Over the course of development, the eight-armed ephyra transforms into the circular adult medusa. An idealized adult silhouette can be superimposed onto the ephyral body plan by circumscribing the lappets with a circle of diameter D, enclosing the potential bell area A (figure 1a): 2.1 The progress of transformation from ephyral to adult shape was quantified using the so-called bell continuity (BC) index, defined as the percentage of potential bell area comprised of ephyral tissue: 2.2 where G is the total gap area, i.e. the sum of wedge-shaped spaces between adjacent lappets. A BC value close to 100 per cent thus corresponds to the approximate shape of an adult Aurelia medusa.
BC values were determined once every week by measuring diameters and gap areas (ImageJ software; National Institutes of Health, Bethesda, MD, USA). A two-tailed Wilcoxon rank sum test (equivalent to Mann–Whitney U-test) was used to compare median BC values in G13 and G21.
(c) Stokes model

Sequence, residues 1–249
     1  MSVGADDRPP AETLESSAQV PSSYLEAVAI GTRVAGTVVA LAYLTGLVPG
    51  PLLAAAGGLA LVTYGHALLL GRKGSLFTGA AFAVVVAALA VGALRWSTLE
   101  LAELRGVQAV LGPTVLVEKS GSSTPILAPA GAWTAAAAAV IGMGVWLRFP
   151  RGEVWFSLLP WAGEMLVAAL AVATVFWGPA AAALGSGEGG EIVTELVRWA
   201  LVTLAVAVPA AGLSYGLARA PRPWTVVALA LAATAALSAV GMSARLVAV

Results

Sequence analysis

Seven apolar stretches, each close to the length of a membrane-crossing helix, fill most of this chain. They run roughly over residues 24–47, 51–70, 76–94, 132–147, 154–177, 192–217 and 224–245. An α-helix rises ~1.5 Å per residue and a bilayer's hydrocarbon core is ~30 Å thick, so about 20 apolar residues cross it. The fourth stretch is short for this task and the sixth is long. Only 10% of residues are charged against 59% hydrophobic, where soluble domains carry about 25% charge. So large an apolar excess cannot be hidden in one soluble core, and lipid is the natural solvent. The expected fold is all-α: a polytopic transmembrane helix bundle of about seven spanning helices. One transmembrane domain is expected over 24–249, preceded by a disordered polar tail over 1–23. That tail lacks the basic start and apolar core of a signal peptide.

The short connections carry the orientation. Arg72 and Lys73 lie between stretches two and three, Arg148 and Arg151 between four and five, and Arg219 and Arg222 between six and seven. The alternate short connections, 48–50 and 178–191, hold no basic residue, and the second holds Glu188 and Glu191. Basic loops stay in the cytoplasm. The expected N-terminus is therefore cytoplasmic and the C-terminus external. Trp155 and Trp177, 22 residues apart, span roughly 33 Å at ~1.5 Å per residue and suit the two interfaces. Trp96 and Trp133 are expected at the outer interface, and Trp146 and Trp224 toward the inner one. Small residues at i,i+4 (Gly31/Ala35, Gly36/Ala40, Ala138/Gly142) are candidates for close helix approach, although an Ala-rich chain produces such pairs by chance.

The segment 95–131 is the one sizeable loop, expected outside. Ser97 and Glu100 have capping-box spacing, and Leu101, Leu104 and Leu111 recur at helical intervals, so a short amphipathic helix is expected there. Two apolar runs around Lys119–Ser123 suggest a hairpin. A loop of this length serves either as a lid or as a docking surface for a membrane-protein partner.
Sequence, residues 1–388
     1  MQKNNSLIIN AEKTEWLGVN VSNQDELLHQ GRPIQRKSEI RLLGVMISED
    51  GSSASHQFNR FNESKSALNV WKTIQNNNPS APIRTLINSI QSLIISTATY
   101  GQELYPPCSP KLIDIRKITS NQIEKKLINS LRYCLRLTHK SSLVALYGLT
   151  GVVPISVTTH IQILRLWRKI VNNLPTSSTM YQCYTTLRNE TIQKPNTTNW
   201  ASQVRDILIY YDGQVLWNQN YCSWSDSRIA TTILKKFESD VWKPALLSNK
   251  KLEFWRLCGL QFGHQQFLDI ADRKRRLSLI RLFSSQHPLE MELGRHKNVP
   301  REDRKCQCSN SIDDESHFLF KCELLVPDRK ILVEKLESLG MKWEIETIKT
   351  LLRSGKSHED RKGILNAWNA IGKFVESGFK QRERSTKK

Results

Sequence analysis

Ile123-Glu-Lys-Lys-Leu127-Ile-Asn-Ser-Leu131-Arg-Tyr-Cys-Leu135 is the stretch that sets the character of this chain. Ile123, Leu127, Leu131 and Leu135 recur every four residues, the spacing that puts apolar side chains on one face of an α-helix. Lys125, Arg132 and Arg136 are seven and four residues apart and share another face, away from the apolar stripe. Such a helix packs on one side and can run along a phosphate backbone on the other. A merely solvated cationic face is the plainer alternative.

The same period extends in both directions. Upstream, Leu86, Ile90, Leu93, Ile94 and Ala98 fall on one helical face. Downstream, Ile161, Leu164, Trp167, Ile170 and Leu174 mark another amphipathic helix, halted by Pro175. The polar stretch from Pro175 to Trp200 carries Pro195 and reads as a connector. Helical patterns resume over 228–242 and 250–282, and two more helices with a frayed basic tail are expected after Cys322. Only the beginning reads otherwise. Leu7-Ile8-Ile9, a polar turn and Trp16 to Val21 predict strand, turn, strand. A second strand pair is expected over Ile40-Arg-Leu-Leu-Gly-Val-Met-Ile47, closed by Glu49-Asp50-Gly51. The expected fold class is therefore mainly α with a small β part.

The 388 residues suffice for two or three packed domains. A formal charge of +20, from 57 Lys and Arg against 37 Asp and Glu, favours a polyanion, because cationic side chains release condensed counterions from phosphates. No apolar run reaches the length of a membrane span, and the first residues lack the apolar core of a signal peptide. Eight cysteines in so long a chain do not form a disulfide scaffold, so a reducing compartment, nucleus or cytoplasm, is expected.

A model of boundary layer formation around ephyral lappets was derived from Stokes' first problem, i.e. the flow over an abruptly started flat plate (Schlichting & Gersten 2000). The model was customized to ephyral morphology to assess the effect of temperature on morphogenesis under the constraint that complete boundary layer overlap be present at each stage of development (Feitl et al. 2009). Briefly, the fluid boundary layer thickness δ at radial position r along the lappet is estimated by, 2.3 where C is a constant of proportionality whose magnitude for flow past flat plates is approximately 1 (Schlichting & Gersten 2000). Re(r) is the lappet Reynolds number defined as: 2.4 with νT is the kinematic viscosity of sea water at temperature T; b, lappet width at radial position r; ωT denotes angular speed of contraction at temperature T. Viscosities ν13 = 1.25 × 10−6 and ν21 = 1.05 × 10−6 m2 s−1 were determined empirically using a stress rheometer (AR 1000, TA Instruments, New Castle, Delaware, USA). Average angular speeds (swept angle divided by contraction time) were ω13 = 14 and ω21 = 18.5 rad s−1 in both G13 and G21 animals. Note that from equation (2.4), we expect a 25 per cent greater value of δ(r) at 13°C when compared with 21°C, because of the temperature dependence of viscosity and angular speed.